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Feasability study - dimensioning of engine parts

Posted by Steam Captain 
Feasability study - dimensioning of engine parts
February 22, 2021 03:06AM

Incited by the hydro engines, I am doing a hobby feasibility study for a 50-100 bar engine and I've run simple torque calcs just to see how big the shafts and how strong the valve train would need to be.
Those small hydro engines use 1000psi and more and are not necessarily constructed with longevity in mind. But I wanted to see if there is a way to dimension everything in a way to do so after all.

With the medium pressure being small with a short cutoff, the torque calculated with the 2-stroke-torque formula is manageable. BUT that's the usable torque (medium torque of work pressure minus medium torque of compression pressure. The REAL force acting upon the bearings would, with a 50x50mm engine, create 20kN!! of force, translating to 500Nm!! of torque at 100 bar (again: not the usable torque, but the factual bearing load and torque to dimension the parts with). For me, this is incomprehensibly insane torque. Suffice to say I've found no gear wheels able to even remotely not to explode in my face under these conditions without being 10 times the size of the engine itself. (interesting enough, belt and chain drives ARE capable of transmitting even much more torque even in these small dimensions).

I have different question marks I want to settle:
  • Am I doing anything wrong with the calculations (I've just used the standard force (F=p*A), torque(M=F*r) equations from school)
  • What crank pin and crankshaft diameter would you say can handle it? My rough calculations say around 25-30mm would be the minimum way to go.
  • Lastly: Would chainsaw crankshafts be strong enough for 100 bar? I'd like to scavenge the crankshaft from existing ic engines if possible, but building it isn't out of question.
Re: Feasability study - dimensioning of engine parts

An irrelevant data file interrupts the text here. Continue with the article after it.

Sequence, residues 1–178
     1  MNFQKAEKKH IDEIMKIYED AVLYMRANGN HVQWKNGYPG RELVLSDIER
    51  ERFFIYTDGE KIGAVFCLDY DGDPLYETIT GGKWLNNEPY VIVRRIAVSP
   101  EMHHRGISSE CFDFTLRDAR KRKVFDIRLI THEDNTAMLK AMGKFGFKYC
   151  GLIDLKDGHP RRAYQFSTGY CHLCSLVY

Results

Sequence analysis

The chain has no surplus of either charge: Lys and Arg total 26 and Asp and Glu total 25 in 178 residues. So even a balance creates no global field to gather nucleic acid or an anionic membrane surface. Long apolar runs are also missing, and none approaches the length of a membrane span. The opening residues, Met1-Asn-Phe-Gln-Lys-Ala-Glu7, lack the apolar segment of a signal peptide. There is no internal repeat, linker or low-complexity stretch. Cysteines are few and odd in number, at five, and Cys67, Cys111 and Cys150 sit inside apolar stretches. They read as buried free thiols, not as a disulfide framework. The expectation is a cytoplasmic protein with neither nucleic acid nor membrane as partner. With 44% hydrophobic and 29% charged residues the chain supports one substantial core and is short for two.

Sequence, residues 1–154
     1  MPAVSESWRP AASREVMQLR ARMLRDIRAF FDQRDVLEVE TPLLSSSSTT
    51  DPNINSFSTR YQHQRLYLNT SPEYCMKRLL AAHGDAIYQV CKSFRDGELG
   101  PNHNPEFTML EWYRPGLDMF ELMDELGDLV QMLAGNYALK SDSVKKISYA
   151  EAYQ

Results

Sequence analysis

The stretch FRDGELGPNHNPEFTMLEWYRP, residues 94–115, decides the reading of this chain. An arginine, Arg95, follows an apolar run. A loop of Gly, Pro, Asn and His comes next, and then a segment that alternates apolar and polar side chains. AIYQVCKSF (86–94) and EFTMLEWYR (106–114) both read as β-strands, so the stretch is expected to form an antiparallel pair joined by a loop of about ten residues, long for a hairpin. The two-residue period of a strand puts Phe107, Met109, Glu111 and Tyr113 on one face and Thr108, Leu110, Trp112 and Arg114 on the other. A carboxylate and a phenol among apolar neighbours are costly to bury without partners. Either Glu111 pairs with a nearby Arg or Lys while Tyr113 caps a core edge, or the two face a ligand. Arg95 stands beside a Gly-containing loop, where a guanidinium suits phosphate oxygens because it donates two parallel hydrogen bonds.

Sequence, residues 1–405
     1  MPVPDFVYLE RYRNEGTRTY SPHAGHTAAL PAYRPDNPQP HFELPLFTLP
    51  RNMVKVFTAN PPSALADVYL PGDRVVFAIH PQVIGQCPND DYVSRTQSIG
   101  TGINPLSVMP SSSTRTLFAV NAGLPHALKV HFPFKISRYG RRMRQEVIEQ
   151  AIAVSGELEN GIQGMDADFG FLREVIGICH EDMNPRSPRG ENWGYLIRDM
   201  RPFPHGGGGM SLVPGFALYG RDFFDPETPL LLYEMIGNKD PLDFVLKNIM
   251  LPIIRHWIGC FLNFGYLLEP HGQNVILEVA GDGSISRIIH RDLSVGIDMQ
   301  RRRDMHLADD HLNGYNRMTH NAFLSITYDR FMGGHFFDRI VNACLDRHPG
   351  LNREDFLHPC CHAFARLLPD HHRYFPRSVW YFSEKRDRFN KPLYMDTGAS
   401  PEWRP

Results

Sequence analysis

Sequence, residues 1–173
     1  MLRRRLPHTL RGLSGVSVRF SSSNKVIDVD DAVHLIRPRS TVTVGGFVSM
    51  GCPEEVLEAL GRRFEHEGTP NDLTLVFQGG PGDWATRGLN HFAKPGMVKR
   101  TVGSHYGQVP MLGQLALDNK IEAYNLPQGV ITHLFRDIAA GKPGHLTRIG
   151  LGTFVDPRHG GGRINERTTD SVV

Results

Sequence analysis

February 22, 2021 08:54AM
I started to build an engine based on the 23 to 26 cc Zenoah engines I am familiar with. Their crankshafts and bearings have been used in engines that develop 10 hp and can turn 25,000 rpm. Peak power is around 18,000 rpm. I was planning around 1,000 psi steam.

Lohring Miller

Re: Feasability study - dimensioning of engine parts
February 22, 2021 09:17AM
It looks like it's similar to what I have in mind - maybe a small scale bigger. Can you tell me what power output you're planning to expect? Maybe 1-2 HP would be my guess. Or even more, since the rpm is so high. I myself use a small weed-eater crankcase, crankshaft & piston assembly. It's a test bed to see how much pressure these small engine parts can hold. If not, I was thinking about machining my own crankshaft from a special, heat-treated high-tensile steel. But I would only if I had to in the experimental stage.

My concept is basically to use a slightly bigger scale than a hydro engine to reduce the rpm and make it more lasting. The end product is supposed to drive a real launch type boat (maybe even this test engine already).
Do you know what exactly is responsible for the short life of these engines? My guess would be the rpm and the high pressure/bearing loads.
And are you using poppet or ball valves?

I found your forum thread about the flash steam power plant. It's a very interesting idea, that you want to step onto a new territory by adding a RC component to liberate tethered hydroplanes from their tethers. I guess you would need a very big water surface to have enough space to maneuver the RC boat at these speed levels. Very fascinating challenge. Time will tell when someone even adapts steam plants into RC planes.

Edited 1 time(s). Last edit at 02/22/2021 11:47AM by Steam Captain.
Re: Feasability study - dimensioning of engine parts
February 25, 2021 10:54AM
I took data from the GE steam engine study. They found an over 300 psi BMEP at 1000 degrees F and 1000 PSI inlet pressure. That would give somewhere between 10 and 12 hp at 10000 rpm. My design information comes from the series of posts below.

Lohring Miller

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